The contrasting dwell crack growth behavior observed for the developmental alloys at 700 °C is likely a result of the environmental embrittlement—“creep brittle” mechanism, as found in coarse grain RR1000 at similar temperatures.[41] The improved dwell crack growth resistance in Alloy A (similar to that of RR1000) is believed to be a result of the lower γ′ fraction observed in this alloy and the reduced creep strain accumulation at 700 °C (and high stresses) compared with Alloy B. These properties allow for easier matrix deformation and hence, crack tip stress relaxation and blunting. In addition, the slightly larger grain size obtained in Alloy A (22 ± 10 µm) compared to that of Alloy B (18 ± 8 µm) would further improve the resistance of the alloy to dwell crack growth. While, dwell fatigue crack growth is often attributed to embrittlement due to the oxidation occurring in front of the crack tip, no evidence of this mechanism was found in these alloys. However, a detailed, high resolution examination of the crack tip oxides was not performed, and hence, further work is required to elucidate the effects of oxidation on the dwell fatigue crack growth in these alloys. Nevertheless, from the data available, the dwell fatigue crack growth behavior of both Alloys A and B was similar to that observed in RR1000,[42] where a transition from a “creep brittle” to a “creep ductile” mechanism was found to occur in the range between 700 °C and 750 °C.[41] It is believed that at higher temperatures the behavior of both alloys will be adequate as some degree of creep deformation around the crack tip can effectively relieve the crack tip stresses. In contrast, at temperatures where creep deformation is relatively slow, the rates of dwell crack growth could be expected to increase. Tailoring the microstructure of the alloys towards delivering improved tensile performance at elevated temperatures, such as increasing the γ′ volume fraction, could affect dwell fatigue crack performance significantly below the transition temperature (creep brittle to creep ductile). Due to limitations of available material for further testing, it was not possible to systematically study the alloys at different temperatures and with modified microstructures. However, it was observed that the crack growth rates of Alloy B at 700 °C could be improved by overaging, in particular of the tertiary γ′ distribution, for example though an additional heat treatment at 900 °C or through a longer exposure at 850 °C. This poses additional questions about the effect of the tertiary γ′ distribution on dwell fatigue performance. However, further testing is required to comprehensively understand the behavior of these alloys under dwell conditions and this is beyond the scope of this paper.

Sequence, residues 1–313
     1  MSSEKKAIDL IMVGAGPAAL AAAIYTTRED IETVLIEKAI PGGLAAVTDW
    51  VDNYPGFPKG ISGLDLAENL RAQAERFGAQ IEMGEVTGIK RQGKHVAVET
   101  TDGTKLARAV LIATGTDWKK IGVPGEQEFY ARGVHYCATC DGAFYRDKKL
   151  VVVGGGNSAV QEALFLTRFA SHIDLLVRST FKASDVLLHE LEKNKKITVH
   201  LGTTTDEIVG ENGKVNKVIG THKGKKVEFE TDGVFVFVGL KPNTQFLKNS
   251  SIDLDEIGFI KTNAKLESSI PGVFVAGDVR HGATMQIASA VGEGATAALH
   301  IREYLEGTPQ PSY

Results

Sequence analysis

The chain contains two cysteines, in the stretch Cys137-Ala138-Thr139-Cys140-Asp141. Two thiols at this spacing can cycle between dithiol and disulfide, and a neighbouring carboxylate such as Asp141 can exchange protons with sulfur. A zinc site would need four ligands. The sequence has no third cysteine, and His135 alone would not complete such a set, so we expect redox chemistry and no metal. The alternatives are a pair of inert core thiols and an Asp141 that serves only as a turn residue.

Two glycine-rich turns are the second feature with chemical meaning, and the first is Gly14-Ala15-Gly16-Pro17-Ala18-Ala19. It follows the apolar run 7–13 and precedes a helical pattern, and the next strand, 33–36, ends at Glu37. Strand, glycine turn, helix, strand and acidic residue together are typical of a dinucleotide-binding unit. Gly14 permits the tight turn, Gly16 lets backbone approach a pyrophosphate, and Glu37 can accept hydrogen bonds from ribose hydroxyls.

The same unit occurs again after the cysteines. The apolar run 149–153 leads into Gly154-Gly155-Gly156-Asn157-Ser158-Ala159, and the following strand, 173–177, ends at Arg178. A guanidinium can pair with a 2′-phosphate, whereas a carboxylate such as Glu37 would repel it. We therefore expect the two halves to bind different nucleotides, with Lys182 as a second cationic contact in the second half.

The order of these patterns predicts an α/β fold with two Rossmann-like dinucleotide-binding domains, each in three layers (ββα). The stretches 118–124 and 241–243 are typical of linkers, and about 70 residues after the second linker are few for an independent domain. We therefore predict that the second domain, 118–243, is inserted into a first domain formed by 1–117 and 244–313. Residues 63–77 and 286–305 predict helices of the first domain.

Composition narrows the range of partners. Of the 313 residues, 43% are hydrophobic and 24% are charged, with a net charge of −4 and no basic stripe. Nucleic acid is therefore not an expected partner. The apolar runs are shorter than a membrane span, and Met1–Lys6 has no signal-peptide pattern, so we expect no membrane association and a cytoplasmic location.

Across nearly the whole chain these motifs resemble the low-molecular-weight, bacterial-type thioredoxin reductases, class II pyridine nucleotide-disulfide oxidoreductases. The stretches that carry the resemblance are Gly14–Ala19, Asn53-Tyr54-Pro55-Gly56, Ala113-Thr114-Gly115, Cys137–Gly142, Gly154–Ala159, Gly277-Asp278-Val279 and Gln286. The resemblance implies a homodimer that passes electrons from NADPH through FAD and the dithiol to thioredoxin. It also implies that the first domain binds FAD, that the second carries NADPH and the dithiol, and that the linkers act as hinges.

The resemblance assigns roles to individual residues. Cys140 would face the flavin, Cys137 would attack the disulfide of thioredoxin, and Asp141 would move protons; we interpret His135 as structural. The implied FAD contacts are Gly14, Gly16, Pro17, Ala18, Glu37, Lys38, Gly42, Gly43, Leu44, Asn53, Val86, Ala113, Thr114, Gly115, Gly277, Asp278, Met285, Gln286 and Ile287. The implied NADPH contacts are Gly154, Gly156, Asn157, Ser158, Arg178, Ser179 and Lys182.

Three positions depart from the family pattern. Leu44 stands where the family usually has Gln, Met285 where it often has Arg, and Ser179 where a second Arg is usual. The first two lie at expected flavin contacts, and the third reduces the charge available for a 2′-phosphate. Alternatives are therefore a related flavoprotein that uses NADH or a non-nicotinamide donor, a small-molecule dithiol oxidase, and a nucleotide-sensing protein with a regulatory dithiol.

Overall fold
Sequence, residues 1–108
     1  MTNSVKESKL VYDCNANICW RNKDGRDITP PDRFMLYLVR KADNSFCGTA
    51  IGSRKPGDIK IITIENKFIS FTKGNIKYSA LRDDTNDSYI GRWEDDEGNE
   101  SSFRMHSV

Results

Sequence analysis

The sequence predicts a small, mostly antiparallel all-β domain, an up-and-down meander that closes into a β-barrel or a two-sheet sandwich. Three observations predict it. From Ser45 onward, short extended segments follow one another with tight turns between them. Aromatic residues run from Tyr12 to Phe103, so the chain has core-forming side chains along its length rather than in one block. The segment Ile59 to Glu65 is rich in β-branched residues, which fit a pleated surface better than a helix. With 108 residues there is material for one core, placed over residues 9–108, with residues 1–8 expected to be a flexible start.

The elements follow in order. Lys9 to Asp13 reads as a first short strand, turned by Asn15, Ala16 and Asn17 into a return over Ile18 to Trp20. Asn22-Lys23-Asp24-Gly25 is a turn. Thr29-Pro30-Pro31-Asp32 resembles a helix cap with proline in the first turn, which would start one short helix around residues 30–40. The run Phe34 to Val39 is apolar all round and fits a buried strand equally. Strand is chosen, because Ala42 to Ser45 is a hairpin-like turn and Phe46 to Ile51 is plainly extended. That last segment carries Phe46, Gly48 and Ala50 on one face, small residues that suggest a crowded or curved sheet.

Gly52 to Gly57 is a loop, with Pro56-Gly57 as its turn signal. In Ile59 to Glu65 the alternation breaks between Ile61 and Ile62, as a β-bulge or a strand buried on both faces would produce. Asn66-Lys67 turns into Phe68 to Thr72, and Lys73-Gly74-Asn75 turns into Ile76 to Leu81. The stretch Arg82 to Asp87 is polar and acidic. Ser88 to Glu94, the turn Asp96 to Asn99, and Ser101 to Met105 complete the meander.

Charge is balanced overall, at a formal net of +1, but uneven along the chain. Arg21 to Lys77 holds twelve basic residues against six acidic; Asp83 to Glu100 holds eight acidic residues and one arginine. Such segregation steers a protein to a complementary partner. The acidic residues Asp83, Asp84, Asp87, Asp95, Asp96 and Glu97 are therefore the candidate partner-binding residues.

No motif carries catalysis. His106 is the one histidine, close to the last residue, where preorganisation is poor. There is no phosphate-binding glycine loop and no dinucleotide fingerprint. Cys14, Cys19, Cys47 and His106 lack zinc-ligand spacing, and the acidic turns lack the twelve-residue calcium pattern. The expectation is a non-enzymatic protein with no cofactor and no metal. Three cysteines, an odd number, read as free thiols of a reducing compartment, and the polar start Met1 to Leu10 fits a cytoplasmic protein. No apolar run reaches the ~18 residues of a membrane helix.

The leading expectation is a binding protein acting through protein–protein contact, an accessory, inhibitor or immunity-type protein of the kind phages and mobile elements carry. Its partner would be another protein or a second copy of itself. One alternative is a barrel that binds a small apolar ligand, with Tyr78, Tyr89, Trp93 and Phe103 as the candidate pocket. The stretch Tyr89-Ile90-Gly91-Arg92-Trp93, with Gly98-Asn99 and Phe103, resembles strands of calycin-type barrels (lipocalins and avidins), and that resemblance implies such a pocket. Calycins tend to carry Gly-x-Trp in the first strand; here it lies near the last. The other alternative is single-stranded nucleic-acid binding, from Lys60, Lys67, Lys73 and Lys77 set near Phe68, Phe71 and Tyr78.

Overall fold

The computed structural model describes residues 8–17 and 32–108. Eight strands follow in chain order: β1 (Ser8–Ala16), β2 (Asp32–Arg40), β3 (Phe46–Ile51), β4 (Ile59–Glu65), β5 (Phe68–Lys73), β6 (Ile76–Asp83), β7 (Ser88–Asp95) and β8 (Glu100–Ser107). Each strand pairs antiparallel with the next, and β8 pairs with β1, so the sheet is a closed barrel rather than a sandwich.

The improved oxidation resistance of the alloys compared with RR1000 has been an unexpected outcome. The Cr concentration in both alloys was lower than that of RR1000, while Ti, often linked to poor oxidation performance,[17] was marginally increased. Therefore, the oxidation performance of the alloys was expected to suffer. The extent to which the oxidation resistance has been improved is not yet clear, as additional results are required. However, several hypotheses are discussed. One of the key compositional modifications in the developmental alloys has been the increase in the concentration of Ta. Ta, in concentrations low enough to avoid the formation of Ta2O5, has been shown to improve the oxidation of alumina forming Ni-based superalloys, although the exact mechanisms remain elusive.[42, 43, 44] It has been hypothesized that Ta may contribute towards the formation of protective Ta-containing spinel oxides. In addition, Ta lowers oxygen activity, which further improves oxidation resistance. It is also known that Ta has a strong interaction with Al, aiding in the faster formation of a continuous Al2O3 scale.[42] It is therefore conceivable, that given the similarities in formation of Al2O3 and Cr2O3 in Ni-superalloys, Ta may also assist in establishing a protective Cr2O3 scale in polycrystalline alloys more rapidly, hence improving the oxidation resistance. In addition to the perceived beneficial effects of Ta, the increased concentration of Co in the developmental alloys will increase the partitioning of Cr to the γ matrix,[45] as will the increased γ′ fraction. Therefore, an increased concentration of Cr is expected in the matrix, which will mitigate against the reduction of Cr in the bulk composition of the developmental alloys.